In response, prominent and respected Rabbi Zechariah Wallerstein, founder and director of Ohr Naava, spoke out against the clip. When I first saw Rabbi Wallerstein's response, I remarked that it was infuriating, but that it was also a good opportunity to highlight the ignorance, insensitivity and outright hypocrisy of some within the Rabbinate (in this case a prominent rabbi).
Today my friend and colleague, Sima Yarmush, posted a powerful and thoughtful response to Rabbi Wallerstein's offensive remarks, which I share below with Sima's permission:
This is my response to Rabbi Wallerstein, of Ohr Naava, after his recent video (posted in comments). It was horrifying for me to listen to and watch. Here are my thoughts about it, after I've had a chance to calm down and try my best not to allow myself to experience re-traumatization.
1) Belittling victims – Your tone is dismissive, disrespectful, and insulting to all victims and survivors of trauma, abuse, or otherwise. The theatrical way in which you expressed your thoughts was totally uncalled for. You should know better!
a. If you are going to discuss this topic, understand that your words will affect many sensitive people who are most vulnerable. Please seek professional guidance in the future before attempting to address this population. Being a Rabbi, even of the utmost respected and G-d fearing, does not qualify one to discuss this topic without proper training. Qualified individuals spend countless hours of training and doing research to understand the impact of trauma and the brain and how best to address it.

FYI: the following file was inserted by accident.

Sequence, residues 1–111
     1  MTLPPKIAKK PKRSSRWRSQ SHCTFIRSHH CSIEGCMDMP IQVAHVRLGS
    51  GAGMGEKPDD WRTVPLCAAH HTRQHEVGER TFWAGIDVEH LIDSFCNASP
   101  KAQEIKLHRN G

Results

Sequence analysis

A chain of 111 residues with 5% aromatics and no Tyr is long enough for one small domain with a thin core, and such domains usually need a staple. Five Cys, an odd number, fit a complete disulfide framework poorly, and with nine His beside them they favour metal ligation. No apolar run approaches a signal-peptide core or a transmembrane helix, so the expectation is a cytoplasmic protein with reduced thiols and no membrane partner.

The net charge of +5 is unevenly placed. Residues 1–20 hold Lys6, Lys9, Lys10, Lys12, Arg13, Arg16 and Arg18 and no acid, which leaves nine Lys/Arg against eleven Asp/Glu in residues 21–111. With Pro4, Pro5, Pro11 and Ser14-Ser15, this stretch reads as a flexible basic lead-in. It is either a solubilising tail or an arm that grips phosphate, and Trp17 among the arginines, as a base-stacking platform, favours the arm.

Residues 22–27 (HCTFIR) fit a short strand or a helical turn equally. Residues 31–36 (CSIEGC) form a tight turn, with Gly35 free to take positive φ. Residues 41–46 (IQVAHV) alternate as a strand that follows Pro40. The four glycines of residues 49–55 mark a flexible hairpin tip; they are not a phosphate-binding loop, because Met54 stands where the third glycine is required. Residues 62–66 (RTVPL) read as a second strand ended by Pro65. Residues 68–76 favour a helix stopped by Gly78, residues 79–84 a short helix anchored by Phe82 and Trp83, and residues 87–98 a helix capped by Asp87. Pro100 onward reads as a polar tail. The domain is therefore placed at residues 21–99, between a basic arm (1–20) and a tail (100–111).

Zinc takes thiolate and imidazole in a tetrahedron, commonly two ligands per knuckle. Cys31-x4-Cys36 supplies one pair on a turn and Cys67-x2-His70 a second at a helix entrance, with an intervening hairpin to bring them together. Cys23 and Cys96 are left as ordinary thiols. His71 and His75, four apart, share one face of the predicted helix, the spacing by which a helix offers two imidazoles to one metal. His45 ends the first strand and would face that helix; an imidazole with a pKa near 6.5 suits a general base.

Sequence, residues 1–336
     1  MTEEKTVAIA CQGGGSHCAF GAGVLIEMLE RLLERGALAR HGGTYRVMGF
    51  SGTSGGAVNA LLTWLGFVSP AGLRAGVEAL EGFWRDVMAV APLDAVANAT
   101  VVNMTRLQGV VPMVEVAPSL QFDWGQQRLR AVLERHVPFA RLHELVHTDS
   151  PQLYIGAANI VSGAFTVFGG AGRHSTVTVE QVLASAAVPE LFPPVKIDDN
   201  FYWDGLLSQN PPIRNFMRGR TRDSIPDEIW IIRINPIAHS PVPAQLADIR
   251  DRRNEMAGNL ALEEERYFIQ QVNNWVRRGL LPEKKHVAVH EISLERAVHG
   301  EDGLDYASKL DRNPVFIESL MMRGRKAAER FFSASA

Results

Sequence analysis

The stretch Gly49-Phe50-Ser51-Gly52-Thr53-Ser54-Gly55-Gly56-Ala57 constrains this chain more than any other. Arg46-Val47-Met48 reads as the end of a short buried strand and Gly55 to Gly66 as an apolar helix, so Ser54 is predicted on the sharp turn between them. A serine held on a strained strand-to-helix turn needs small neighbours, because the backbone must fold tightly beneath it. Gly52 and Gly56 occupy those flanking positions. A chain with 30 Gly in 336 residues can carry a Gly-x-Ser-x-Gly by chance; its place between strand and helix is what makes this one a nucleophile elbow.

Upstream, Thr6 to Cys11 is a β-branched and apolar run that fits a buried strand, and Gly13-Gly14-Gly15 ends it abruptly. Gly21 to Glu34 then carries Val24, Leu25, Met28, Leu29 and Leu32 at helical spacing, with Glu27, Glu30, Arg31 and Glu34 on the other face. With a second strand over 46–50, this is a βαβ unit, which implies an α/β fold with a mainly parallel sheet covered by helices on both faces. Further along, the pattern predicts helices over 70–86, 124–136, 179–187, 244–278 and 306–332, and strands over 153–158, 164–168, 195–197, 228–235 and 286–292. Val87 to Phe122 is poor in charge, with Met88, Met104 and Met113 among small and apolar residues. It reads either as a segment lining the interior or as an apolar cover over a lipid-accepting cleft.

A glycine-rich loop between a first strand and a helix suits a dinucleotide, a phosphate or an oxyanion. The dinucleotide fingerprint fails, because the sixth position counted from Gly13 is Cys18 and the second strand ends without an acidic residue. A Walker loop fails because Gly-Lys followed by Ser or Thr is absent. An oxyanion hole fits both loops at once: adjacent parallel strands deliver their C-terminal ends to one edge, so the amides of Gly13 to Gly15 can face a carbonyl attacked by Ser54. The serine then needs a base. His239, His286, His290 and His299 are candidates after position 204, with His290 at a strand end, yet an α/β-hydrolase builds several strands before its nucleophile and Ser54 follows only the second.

b. Validating the daily struggle that one goes through after trauma, is paramount to discussing the issue.
2) The analogy of the holocaust is a chutzpa for obvious reasons. Among other reasons, the Jews were being persecuted by anti-Semites intent on annihilating them for no other reason than being Jewish – simple hatred. The atrocities of the holocaust are acknowledged by all. I, and other survivors of abuse, on the other hand, are victimized by people who are meant to love us and then, our perpetrators are protected, again, by people who we are taught to trust. We, as a community, have a problem. Until we acknowledge that we are victims of abuse, we can’t be survivors. You are stopping us from being survivors.
a. As a granddaughter of a survivor of Auschwitz, I’ve witnessed my Bubby cry and grapple with the trauma of being a victim. It is a daily struggle for her; however, throughout, she remains a survivor, upholding the Torah, without diminishing idea that she was, and remains, a victim of the Nazi’s atrocities.
b. Being a survivor does not mean that you can’t discuss the perpetrators, point your finger at them, and hold them accountable. Look at Elie Weisel.
c. We can, and will continue, to point fingers at those who have committed the crimes and atrocities, while saying “never again.”
3) The basic fundamentals of trauma psychology are to acknowledge what you have been through, and then attempt to heal. By you refusing to acknowledge and validate the hardships that victims have been through, you are not allowing them to heal and become survivors.
a. I personally run a support group for women survivors of child sexual abuse. There was discussion about your video in the group. In short, you have re-traumatized many of us, and have caused more damage than good.
b. Healing requires comfort and validation. Pointing fingers at those who abused us is entirely necessary. Aside from it being a part of the healing process, it also ensures - in a deterrent kind of way- that the person in question, and others, do not repeat those crimes.
UPDATE: Rabbi Yakov Horowitz has also written an excellent public Facebook post on this issue.